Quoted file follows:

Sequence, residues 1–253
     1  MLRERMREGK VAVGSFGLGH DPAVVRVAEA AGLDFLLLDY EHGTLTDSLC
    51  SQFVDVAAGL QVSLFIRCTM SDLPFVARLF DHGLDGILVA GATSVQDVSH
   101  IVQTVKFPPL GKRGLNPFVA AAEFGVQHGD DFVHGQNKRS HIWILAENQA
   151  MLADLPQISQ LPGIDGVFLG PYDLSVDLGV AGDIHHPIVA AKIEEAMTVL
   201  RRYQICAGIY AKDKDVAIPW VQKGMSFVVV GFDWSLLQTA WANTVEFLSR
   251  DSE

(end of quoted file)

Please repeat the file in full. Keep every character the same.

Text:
Sequence, residues 1–253
     1  MLRERMREGK VAVGSFGLGH DPAVVRVAEA AGLDFLLLDY EHGTLTDSLC
    51  SQFVDVAAGL QVSLFIRCTM SDLPFVARLF DHGLDGILVA GATSVQDVSH
   101  IVQTVKFPPL GKRGLNPFVA AAEFGVQHGD DFVHGQNKRS HIWILAENQA
   151  MLADLPQISQ LPGIDGVFLG PYDLSVDLGV AGDIHHPIVA AKIEEAMTVL
   201  RRYQICAGIY AKDKDVAIPW VQKGMSFVVV GFDWSLLQTA WANTVEFLSR
   251  DSE